This was not as simple as it might seem.
The Arizona Game and Fish Department, with the cooperation of the U.S. Fish and Wildlife Service, released 34 black-footed ferrets at a reintroduction site in Aubrey Valley north of Seligman. About 20 people, many of them Arizona Game and Fish personnel but also Fish and Wildlife and other professionals and volunteers, joined the effort.
The reintroduction site is located on a grassland full of prairie dog colonies, which provide the ferrets' main source of food and shelter.
Black-footed ferrets are one of three species of ferrets in the world and North America's only native species of ferret. They were once believed to be extinct because of the near eradication of prairie dogs in the late 1800s and early 1900s. A small population was discovered near Meeteetse in 1981. The animals have been bred in captivity ever since at the U.S. Fish and Wildlife Service's National Black-footed Ferret Conservation Center in Colorado, which provided the ferrets for the release in Aubrey Valley, as well as other locations.
There are currently 19 black-footed ferret relocation sites that are home to about 1,000 wild-born ferrets throughout North America. There are four self-sustaining ferret populations, and that includes Arizona's sole ferret site at Aubrey Valley.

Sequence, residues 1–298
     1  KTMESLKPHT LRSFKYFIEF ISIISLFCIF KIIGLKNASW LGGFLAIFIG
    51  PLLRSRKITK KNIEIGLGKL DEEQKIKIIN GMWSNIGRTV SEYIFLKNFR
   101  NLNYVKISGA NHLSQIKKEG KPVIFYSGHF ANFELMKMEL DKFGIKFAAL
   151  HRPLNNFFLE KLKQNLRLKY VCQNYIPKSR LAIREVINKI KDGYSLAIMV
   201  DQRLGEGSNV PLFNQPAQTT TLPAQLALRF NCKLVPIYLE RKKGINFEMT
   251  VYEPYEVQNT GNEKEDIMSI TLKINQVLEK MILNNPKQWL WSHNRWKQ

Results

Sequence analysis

Ferrets were first released there in 1996. Arizona Game and Fish conducts nighttime spotlighting surveys twice a year to monitor the population, which is slowly expanding.
It is classified as experimental and non-essential, allowing for normal land use activities such as ranching.
The Ferret Conservation Center had some surplus animals this year and Mike Lockhart, a retired Fish and Wildlife employee, drove the animals in crates from Colorado to Arizona to supplement the population here.
They have been preconditioned for life in the wild, but it is still difficult for a once-captive animal to survive in the wild and not all of them are expected to make it.
Enough do, though, for the releases to be successful.
A procession of vehicles drove down ranch roads at the reintroduction area. Then prairie dog burrows were located and the ferrets released one individual or family unit at a time per site.
Then the vehicles would proceed farther down the road, another prairie dog colony would be located, and another ferret or family would be released.
It sounds simple on paper, but the reality was something more complicated. Ferrets are small carnivores with sharp teeth, and these did not seem to want to leave the familiarity of their crates and tubes.
Chittering loudly in protest, the ferrets snapped at any fingers that came too close.
Getting them out of the crate usually consisted of taking the black tubing the ferret was hiding in and sticking it inside a burrow entrance until the ferret finally went down the hole.
Even then, the curious ferrets would often come back to look at the humans again before heading down for a longer time. Pieces of prairie dog were left in the burrow to provide a snack as the ferrets acclimated.